Does Renin-angiotensin System Blockade have a Role in Preventing Diabetic Retinopathy? A Clinical Review

A. K. Sjølie; P. Dodson; F. R. R. Hobbs


Int J Clin Pract. 2011;65(2):148-153. 

In This Article

Abstract and Introduction


Diabetes management has increasingly focused on the prevention of macrovascular disease, in particular for type 2 diabetes. Diabetic retinopathy, one of the main microvascular complications of diabetes, is also an important public health problem. Much of the care invested in retinopathy relates to treatment rather than prevention of disease. Tight glycaemic and blood pressure control helps to reduce the risk of retinopathy, but this is not easy to achieve in practice and additional treatments are needed for both primary and secondary prevention of retinopathy. A renin-angiotensin system (RAS) has been identified in the eye and found to be upregulated in retinopathy. This has led to specific interest in the role of RAS blockade in retinopathy prevention. The recent DIRECT programme assessed use of the angiotensin receptor blocker (ARB) candesartan in type 1 and type 2 diabetes. Although the primary trial end-points were not met, there was a clear trend to less severe retinopathy with RAS blockade. A smaller trial, RASS, reported reduced retinopathy progression in type 1 diabetes from RAS blockade with both the ARB losartan and the angiotensin converting enzyme (ACE) inhibitor enalapril. The clinical implications of these new data are discussed.


Diabetic retinopathy is the most common long-term complication of diabetes and the most common cause of blindness in working-age people in developed countries. It is one of the most feared complications in people with diabetes[1] and has marked effects on patients' quality of life.[2] Quality of life can be affected in people with diabetic retinopathy before they have visual loss, because of anxiety about the future.[3]

At the time of the diagnosis of diabetes, up to 40% of patients with type 2 disease already have some degree of diabetic retinopathy.[4] In data from the Wisconsin Epidemiological Study of Diabetic Retinopathy (WESDR) collected about 30 years ago, more than 60% of patients with type 2 diabetes and almost all those with type 1 diabetes had some retinopathy after 20 years.[5]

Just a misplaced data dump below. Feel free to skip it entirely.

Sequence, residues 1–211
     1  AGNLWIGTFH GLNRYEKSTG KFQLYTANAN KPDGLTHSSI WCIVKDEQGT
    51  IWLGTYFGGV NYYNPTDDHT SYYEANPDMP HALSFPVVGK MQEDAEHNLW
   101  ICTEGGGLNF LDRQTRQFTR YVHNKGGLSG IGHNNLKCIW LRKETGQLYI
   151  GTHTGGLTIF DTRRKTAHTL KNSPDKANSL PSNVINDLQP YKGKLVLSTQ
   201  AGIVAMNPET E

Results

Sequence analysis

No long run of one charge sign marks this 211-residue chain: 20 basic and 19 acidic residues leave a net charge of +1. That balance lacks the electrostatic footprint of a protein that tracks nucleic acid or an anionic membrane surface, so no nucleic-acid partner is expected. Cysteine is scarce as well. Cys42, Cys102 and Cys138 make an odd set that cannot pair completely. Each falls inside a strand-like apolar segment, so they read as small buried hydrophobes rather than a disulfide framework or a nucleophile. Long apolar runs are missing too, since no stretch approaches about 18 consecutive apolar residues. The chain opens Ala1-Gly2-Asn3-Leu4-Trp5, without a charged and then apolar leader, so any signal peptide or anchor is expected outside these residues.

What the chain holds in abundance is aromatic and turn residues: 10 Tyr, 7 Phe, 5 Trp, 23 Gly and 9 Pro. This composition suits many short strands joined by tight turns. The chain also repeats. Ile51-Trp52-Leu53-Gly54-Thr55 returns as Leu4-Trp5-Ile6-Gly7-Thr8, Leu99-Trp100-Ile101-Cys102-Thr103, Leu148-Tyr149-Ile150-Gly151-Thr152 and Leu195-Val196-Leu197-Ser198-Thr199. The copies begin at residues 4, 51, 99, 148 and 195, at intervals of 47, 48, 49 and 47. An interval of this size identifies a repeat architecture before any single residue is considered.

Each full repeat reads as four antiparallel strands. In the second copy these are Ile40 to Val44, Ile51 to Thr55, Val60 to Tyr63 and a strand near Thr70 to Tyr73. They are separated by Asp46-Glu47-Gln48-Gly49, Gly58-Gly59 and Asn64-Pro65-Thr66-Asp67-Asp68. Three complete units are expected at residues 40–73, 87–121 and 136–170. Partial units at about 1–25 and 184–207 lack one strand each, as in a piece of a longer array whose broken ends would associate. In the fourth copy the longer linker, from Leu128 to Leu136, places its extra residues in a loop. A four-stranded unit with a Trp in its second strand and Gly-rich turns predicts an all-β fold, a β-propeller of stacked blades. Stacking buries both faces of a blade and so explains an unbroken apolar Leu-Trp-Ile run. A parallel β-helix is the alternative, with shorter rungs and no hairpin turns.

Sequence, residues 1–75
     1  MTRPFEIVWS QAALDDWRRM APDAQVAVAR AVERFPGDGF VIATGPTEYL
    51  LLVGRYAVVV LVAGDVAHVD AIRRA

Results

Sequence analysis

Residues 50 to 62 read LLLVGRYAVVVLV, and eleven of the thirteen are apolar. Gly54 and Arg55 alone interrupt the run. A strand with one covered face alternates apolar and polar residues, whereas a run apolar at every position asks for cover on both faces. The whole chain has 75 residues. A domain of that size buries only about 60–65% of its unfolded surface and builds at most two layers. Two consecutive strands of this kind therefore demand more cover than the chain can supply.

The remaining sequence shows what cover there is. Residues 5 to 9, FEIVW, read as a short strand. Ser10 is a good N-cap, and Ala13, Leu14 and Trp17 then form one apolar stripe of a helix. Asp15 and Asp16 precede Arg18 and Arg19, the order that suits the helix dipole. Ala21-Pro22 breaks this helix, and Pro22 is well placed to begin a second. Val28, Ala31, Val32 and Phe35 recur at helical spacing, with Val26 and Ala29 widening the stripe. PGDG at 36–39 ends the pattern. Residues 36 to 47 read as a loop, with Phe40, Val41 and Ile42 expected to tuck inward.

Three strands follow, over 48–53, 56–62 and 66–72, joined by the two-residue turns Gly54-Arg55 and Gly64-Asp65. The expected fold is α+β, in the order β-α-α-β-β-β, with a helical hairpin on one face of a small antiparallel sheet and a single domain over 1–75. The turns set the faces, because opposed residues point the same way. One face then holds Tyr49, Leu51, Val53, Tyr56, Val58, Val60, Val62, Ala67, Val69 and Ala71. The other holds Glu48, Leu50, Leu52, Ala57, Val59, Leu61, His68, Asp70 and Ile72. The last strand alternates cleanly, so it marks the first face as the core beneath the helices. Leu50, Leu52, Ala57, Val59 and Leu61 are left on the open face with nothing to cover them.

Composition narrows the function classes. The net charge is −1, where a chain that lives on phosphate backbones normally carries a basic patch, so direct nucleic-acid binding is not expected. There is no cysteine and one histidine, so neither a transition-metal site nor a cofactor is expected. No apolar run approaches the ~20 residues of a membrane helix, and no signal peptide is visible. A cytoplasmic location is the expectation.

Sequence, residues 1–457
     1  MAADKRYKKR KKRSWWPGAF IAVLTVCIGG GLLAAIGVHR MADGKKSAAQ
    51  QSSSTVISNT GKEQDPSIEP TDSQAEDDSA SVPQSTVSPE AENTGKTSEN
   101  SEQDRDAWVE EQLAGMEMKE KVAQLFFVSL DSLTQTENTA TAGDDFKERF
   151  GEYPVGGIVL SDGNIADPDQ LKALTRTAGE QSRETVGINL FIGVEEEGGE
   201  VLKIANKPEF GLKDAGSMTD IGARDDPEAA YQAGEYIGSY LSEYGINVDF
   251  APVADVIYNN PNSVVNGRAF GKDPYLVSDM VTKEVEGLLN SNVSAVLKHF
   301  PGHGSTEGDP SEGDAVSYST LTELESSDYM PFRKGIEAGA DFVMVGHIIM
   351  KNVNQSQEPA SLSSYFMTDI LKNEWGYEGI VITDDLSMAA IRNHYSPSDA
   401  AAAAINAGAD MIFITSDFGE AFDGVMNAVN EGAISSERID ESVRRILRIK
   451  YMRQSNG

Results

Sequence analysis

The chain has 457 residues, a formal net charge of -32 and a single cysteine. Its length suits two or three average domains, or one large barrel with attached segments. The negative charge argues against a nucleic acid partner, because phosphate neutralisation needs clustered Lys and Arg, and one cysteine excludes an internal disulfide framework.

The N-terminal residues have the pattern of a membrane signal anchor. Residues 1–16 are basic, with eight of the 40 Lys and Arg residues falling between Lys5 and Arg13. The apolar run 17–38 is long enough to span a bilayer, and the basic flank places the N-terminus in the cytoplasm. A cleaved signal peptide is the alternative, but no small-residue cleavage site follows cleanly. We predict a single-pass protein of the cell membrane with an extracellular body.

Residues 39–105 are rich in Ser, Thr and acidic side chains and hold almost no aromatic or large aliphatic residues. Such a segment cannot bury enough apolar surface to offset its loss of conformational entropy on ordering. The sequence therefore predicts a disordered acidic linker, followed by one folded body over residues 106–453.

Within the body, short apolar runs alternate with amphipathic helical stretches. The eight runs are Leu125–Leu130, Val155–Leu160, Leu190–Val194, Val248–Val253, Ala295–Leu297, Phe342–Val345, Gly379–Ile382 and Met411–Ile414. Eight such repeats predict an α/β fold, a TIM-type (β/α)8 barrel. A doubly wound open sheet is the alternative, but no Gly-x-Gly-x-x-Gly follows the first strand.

There is evidence from the Diabetes Control and Complications Trial (DCCT) and UK Prospective Diabetes Study (UKPDS) and other studies that recent improvements in the treatment of diabetes have led to lower incidence of retinopathy; however, this is offset by the current increase in prevalence of diabetes.[6] In the UK, diabetes prevalence increased from 2.8% in 1996 to 4.3% in 2005. The marked increase in type 2 diabetes is probably related to changes in lifestyle, including increased obesity prevalence.[7]

If untreated, a large proportion of people who develop proliferative diabetic retinopathy (PDR) will experience severe loss of vision within 5 years.[8] Panretinal laser photocoagulation (PRP) is the only proven treatment with long-term beneficial effect in preventing severe visual loss once PDR is present. It can induce regression of retinal new vessels, but PRP is not always effective and can itself produce side effects on visual function such as loss of visual field and, in rare cases, accidental scars in the macula.[9] This treatment is usually used for patients in whom sight-threatening retinopathy has developed.

By the time visual symptoms occur, severe and irreversible damage to the retina has already occurred and laser treatment is less effective. Therefore, regular screening for retinal new vessels is recommended, the aim being to detect retinopathy at an asymptomatic stage when treatment is more likely to be successful.

Specific drug treatments for retinopathy are being investigated, but these are mostly used in advanced disease when damage to the retina and visual function has already occurred. The aim of this review was to evaluate the data on prevention of diabetic retinopathy development and progression, specifically considering new clinical trial data on the possible effect of drugs that inhibit the renin-angiotensin system.